Tuesday, July 14, 2009

Irenaeus on the Kingdom of God

"If, however, any shall endeavour to allegorize [prophecies] of this kind, they shall not be found consistent with themselves in all points, and shall be confuted by the teaching of the very expressions [in question]. For example: "When the cities" of the Gentiles "shall be desolate, so that they be not inhabited, and the houses so that there shall be no men in them and the land shall be left desolate." "For, behold," says Isaiah, "the day of the LORD cometh past remedy, full of fury and wrath, to lay waste the city of the earth, and to root sinners out of it." And again he says, "Let him be taken away, that he behold not the glory of God." And when these things are done, he says, "God will remove men far away, and those that are left shall multiply in the earth." "And they shall build houses, and shall inhabit them themselves: and plant vineyards, and eat of them themselves." For all these and other words were unquestionably spoken in reference to the resurrection of the just, which takes place after the coming of Antichrist, and the destruction of all nations under his rule; in [the times of] which [resurrection] the righteous shall reign in the earth, waxing stronger by the sight of the Lord: and through Him they shall become accustomed to partake in the glory of God the Father, and shall enjoy in the kingdom intercourse and communion with the holy angels, and union with spiritual beings; and [with respect to] those whom the Lord shall find in the flesh, awaiting Him from heaven, and who have suffered tribulation, as well as escaped the hands of the Wicked one." (Irenaeus, "Against Heresies, Book V", c. 180 AD)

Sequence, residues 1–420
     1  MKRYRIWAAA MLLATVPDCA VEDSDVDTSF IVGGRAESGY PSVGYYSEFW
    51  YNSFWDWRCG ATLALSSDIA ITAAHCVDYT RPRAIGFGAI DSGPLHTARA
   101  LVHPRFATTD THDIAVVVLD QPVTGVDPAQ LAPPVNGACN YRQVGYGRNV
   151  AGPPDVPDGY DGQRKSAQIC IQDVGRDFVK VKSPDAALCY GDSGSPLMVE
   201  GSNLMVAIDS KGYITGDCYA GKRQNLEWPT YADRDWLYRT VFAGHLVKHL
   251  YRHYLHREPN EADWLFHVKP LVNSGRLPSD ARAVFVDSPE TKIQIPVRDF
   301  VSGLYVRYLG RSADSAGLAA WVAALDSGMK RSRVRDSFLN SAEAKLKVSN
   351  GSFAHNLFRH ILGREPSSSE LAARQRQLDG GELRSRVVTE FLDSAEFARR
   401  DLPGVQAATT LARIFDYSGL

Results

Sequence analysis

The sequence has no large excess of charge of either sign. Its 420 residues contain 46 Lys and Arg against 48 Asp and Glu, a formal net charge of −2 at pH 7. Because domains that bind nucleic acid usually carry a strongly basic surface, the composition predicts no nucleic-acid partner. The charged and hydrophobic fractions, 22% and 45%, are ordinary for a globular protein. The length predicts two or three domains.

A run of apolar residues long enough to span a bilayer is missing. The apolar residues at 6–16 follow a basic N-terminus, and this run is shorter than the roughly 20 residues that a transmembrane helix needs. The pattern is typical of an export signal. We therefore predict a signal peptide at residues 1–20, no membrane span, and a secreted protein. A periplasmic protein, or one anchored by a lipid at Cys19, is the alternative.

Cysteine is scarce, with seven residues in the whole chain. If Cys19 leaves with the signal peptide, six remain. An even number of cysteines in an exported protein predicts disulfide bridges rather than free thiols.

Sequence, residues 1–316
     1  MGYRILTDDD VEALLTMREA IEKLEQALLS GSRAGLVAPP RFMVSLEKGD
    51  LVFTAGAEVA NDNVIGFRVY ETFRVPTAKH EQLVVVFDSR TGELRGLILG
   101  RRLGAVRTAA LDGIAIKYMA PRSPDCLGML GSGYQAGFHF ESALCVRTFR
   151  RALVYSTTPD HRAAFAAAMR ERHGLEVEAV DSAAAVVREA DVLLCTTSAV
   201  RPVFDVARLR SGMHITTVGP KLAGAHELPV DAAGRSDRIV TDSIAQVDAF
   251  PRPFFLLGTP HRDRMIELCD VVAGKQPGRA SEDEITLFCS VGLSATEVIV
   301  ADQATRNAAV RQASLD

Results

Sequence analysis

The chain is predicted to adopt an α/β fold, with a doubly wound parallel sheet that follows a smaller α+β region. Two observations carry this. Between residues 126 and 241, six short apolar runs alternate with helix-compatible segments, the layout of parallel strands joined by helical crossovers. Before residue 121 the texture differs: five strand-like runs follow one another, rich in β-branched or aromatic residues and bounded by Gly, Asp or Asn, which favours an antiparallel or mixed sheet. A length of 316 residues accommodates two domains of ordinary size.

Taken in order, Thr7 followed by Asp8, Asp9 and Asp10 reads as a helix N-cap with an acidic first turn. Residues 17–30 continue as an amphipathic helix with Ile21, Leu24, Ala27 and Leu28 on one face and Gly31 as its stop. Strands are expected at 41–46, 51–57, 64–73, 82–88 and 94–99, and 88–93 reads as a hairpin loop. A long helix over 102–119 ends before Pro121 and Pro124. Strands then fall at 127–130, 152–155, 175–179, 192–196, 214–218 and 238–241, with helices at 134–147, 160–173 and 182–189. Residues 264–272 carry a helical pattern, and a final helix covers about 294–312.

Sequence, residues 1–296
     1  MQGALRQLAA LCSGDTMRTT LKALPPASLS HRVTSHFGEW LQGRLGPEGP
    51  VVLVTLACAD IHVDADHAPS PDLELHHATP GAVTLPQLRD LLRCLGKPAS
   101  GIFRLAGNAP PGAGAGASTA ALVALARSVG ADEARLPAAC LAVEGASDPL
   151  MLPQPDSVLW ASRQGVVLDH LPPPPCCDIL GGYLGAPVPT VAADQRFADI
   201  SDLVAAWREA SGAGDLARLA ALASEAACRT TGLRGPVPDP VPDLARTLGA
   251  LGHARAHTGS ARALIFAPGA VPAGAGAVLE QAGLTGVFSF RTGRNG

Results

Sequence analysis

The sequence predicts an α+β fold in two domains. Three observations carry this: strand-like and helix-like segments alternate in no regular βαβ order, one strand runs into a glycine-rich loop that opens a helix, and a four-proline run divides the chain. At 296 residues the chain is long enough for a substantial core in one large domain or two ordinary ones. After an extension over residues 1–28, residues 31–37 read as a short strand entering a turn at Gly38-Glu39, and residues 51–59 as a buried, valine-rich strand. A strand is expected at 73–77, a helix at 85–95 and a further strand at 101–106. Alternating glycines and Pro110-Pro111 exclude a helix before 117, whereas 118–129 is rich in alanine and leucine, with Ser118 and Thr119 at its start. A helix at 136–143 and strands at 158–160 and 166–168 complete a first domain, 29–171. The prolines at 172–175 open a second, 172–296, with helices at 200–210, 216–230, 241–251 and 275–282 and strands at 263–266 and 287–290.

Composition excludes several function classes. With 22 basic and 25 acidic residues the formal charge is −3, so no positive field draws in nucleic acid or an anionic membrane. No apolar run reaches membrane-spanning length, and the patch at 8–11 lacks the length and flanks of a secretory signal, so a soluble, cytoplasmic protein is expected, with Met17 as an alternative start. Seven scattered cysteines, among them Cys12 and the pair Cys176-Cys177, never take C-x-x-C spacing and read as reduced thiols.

Irenaeus was a disciple of Polycarp, who was said to be a disciple of John the Evangelist. He is one of the earlier witnesses to the recognition of the canonical character of all four gospels. He is recognized as a saint by both the Eastern Orthodox and the Roman Catholic Churches (and by Protestants, I suppose, since we follow St. Paul in calling all Christians "saints"). "Against Heresies" was written primarily as a defense against Gnosticism.

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